English 298/401
History of Books and Printing, 1800-1950

Instructor: Daniel Traister
Spring 1997


Office: Special Collections, Van Pelt Library
Phone: 215 898 7088 / Fax: 215 573 9079

E-mail: traister@pobox.upenn.edu

Click here for online resources directed at this course.
Click here for general history of books and printing resources.
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This course examines printing, book production, and the production, dissemination, and reception of print cultures after 1800. As modern industrial technologies increased both the abundance of cheap paper and the speed and output of the printing press, industrializing societies became increasingly literacy-dependent; printed products became characteristic of industrialized societies, and the ability to "navigate" those products increasingly came to characterize their inhabitants. In this class, we will

Readings include both works of history and historical bibliography and a number of "literary" works that vivify certain themes relevant to the subject of this class. Both will concentrate on the history of, and on products deriving from, the Anglo-American tradition. Interested students are encouraged to consider the growing number of studies tracing developments in other languages and cultures, as well.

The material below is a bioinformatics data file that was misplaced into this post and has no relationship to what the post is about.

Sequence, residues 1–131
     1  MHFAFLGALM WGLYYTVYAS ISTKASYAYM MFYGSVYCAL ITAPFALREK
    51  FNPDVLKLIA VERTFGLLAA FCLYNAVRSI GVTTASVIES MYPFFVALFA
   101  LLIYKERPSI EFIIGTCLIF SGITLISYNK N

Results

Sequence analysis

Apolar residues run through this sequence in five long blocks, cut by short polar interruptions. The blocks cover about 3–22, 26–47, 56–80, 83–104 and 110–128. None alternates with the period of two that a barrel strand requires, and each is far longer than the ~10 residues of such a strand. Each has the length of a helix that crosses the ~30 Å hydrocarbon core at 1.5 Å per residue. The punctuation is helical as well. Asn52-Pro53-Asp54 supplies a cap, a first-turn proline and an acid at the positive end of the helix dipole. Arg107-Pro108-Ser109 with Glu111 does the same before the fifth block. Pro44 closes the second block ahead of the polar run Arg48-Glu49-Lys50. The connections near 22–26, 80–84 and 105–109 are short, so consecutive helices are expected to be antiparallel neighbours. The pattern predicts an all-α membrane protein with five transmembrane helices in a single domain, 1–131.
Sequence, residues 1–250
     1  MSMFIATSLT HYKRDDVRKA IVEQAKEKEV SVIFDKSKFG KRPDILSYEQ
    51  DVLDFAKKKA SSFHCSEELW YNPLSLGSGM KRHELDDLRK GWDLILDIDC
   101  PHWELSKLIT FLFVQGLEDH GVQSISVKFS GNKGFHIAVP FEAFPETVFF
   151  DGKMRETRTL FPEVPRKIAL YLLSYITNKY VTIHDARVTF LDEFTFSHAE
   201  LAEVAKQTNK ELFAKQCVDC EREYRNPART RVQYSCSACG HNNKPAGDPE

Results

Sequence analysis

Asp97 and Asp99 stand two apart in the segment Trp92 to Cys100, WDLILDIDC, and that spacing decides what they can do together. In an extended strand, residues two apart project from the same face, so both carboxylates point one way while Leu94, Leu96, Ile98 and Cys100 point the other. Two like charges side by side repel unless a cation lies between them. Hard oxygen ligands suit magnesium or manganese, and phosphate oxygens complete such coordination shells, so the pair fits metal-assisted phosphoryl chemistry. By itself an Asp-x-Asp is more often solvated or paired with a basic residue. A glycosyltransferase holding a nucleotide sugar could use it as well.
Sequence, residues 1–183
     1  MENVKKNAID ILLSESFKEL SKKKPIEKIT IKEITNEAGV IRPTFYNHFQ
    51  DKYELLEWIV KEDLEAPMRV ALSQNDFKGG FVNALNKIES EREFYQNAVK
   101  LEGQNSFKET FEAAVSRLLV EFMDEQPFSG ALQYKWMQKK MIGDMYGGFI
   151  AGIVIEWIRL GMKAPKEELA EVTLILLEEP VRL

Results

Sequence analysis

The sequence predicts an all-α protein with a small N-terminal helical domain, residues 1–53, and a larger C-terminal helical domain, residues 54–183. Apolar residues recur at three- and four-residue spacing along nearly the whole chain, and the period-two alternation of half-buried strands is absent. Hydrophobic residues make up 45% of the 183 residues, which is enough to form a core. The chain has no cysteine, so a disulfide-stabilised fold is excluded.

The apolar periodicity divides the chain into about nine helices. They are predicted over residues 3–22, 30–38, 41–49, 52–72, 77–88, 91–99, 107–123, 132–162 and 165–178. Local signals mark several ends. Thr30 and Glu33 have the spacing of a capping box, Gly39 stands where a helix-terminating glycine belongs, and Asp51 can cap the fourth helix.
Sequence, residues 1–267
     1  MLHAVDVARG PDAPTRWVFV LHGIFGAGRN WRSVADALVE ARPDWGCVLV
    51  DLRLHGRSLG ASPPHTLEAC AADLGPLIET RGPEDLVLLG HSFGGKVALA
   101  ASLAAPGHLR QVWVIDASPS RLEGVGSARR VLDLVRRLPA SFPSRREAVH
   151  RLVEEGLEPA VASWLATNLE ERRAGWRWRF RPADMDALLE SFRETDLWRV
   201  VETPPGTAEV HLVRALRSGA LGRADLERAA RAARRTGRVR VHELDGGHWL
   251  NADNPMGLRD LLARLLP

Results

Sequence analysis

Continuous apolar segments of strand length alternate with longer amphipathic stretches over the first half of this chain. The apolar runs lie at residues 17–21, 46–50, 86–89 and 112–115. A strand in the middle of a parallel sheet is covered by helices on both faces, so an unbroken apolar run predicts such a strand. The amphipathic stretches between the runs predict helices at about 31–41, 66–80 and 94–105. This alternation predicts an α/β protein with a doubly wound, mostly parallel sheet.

This course is intended to introduce some of the issues that the concatenation of changes mentioned above raises. These issues include, but are not limited to:

  1. how changes in the physical conditions of production altered or reflected the changing role of print within society;

  2. how authors, printers, publishers, and reading publics redefined the ways in which they interacted with one another;

  3. how the rise of mass literacy impacted upon the kind of materials produced for mass audiences;

  4. how various economic and intellectual interests converge and diverge in the "republic of letters," or the "marketplace of ideas";

  5. how new conditions enabled writers and publishers to target printed products at selected market segments (by gender, class, interests, reading levels, and so forth) in ways not always possible at earlier times.

A word of important advice

The instructor urges students who have not taken English 297, the "first half" of this course, to read the following works, or as much of them as possible, during the first two to three weeks of the course. NOTE that "urges" is NOT equivalent to "requires"!

Not only are these books readable but also they provide helpful historicizing contexts for thinking about some of the issues raised by the works to be read during this "second" semester.